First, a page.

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Keri Hulme

  • You need eyes like an archerfish, able to see what happens on two planes at once. One set for watching the hands [signing], and the other for watching whatever it is he mouths.

  • Through poverty, godhunger, the family debacle, I kept a sense of worth. I could limn and paint like no-one else in this human-wounded land: I was worth the while of living. Now my skill is dead. I should be.

  • It's the possibility that when you're dead you might still go on hurting that bothers me.

  • All her feelings are dulled these days, as though life is already going, slowly leaking out and ebbing away. Maybe it will make my dying that much easier ... when I come to die, there will be little left to die. I'm already a ghost with set wings, stalking tombstone territory.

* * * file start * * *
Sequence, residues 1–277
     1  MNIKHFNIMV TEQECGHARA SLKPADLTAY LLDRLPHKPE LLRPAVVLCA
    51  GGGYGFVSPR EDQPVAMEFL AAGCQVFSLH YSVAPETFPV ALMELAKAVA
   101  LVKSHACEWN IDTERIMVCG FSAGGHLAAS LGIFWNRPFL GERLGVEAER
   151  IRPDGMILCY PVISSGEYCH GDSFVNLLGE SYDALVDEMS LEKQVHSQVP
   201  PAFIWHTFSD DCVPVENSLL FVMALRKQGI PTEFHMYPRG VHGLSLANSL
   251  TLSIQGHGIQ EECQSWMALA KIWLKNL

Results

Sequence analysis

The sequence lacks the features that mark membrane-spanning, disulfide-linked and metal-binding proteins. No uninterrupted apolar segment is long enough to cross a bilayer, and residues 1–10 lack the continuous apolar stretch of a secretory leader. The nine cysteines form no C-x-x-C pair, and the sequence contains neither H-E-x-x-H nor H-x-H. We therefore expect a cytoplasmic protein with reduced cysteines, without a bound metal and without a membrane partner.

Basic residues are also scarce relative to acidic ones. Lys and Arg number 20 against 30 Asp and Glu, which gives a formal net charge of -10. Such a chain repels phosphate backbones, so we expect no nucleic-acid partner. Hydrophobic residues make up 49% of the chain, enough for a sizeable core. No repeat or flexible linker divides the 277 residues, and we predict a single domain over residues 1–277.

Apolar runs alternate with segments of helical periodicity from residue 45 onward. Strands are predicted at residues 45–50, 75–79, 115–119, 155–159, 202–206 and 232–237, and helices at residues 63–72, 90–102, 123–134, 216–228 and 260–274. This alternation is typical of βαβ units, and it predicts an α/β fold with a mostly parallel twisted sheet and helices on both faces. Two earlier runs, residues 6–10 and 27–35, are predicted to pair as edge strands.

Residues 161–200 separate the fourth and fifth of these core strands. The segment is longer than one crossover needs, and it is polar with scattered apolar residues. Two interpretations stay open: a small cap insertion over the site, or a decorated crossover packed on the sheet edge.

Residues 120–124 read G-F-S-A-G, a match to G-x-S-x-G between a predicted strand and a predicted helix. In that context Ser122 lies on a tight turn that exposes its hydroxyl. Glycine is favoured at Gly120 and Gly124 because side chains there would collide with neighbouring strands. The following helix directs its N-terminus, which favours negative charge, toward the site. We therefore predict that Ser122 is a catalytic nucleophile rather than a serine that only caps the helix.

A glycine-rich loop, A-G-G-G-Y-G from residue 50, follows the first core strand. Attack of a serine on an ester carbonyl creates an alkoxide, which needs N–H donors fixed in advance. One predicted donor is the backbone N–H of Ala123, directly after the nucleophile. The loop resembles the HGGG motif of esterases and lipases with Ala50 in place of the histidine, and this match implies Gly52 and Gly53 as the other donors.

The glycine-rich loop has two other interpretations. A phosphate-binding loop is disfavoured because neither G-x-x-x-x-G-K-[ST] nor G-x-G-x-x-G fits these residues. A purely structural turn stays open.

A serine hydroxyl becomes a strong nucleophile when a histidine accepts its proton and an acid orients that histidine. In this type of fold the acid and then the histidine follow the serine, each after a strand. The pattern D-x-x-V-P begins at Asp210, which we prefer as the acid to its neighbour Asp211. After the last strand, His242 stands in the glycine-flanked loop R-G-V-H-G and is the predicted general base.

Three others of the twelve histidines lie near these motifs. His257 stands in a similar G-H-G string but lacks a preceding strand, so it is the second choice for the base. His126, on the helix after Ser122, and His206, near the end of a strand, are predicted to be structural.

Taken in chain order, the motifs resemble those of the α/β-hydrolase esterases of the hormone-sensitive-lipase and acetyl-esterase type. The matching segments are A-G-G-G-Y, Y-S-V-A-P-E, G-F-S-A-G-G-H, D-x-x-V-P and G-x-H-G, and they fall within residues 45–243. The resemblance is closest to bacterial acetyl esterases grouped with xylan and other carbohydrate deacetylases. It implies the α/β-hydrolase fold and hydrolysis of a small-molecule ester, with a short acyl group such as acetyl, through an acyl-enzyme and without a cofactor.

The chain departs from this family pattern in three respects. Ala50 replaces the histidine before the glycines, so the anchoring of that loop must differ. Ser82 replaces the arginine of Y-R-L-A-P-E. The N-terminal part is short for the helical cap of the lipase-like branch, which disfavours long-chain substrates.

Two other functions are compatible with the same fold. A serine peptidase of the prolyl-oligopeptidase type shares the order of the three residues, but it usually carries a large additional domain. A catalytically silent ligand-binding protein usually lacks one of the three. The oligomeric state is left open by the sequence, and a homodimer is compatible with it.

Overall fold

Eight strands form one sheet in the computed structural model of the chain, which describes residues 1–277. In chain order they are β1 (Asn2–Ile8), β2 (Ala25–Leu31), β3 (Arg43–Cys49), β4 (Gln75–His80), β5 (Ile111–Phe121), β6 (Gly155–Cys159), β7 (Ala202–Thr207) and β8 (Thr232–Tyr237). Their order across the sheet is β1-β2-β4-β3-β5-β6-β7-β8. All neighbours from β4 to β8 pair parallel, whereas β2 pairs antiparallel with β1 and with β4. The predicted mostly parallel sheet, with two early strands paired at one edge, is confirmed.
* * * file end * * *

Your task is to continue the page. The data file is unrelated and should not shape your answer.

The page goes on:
• Another real thing! I am not dead yet! I can still call forth a piece of soul and set it down in colour, fixed forever ...

  • I have faced Death. I have been caught in the wild weed tangles of Her hair, seen the gleam of her jade eyes. I will go when it is time — no choice! — but now I want life.

  • It's been a rare year, o paper soul, and against all the preceding bitterness and bile, this one shining scrawl ... maybe I should fold you away to pull you out again in a decade, see whether the flowering that now seems promised, came; see whether it was untimely frostbit, or died without fruit, because you chart the real deeps of me. No: I hold you a pelorus, a flexing mirror, strange quarters for the wind of God.

  • There is a time, when passing through a light, that you walk in your own shadow.

  • The company you keep at death is, of all things, most dependent on chance.

Keri Hulme, Maori/New Zealand writer